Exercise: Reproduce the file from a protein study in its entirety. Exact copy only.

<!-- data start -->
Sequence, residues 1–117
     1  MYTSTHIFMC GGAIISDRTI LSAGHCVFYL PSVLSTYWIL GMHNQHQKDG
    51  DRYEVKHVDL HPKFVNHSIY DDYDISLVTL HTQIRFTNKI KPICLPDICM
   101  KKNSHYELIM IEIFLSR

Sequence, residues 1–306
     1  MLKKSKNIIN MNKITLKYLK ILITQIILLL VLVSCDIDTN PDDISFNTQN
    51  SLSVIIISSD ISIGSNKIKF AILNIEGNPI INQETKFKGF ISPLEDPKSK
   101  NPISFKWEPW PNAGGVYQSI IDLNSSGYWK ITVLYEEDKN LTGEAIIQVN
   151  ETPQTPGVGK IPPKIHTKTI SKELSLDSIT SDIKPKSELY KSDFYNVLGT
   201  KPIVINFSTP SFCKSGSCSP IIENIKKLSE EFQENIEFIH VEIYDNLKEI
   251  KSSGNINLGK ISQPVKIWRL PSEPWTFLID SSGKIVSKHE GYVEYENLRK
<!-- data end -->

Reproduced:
Sequence, residues 1–117
     1  MYTSTHIFMC GGAIISDRTI LSAGHCVFYL PSVLSTYWIL GMHNQHQKDG
    51  DRYEVKHVDL HPKFVNHSIY DDYDISLVTL HTQIRFTNKI KPICLPDICM
   101  KKNSHYELIM IEIFLSR

Sequence, residues 1–306
     1  MLKKSKNIIN MNKITLKYLK ILITQIILLL VLVSCDIDTN PDDISFNTQN
    51  SLSVIIISSD ISIGSNKIKF AILNIEGNPI INQETKFKGF ISPLEDPKSK
   101  NPISFKWEPW PNAGGVYQSI IDLNSSGYWK ITVLYEEDKN LTGEAIIQVN
   151  ETPQTPGVGK IPPKIHTKTI SKELSLDSIT SDIKPKSELY KSDFYNVLGT
   201  KPIVINFSTP SFCKSGSCSP IIENIKKLSE EFQENIEFIH VEIYDNLKEI
   251  KSSGNINLGK ISQPVKIWRL PSEPWTFLID SSGKIVSKHE GYVEYENLRK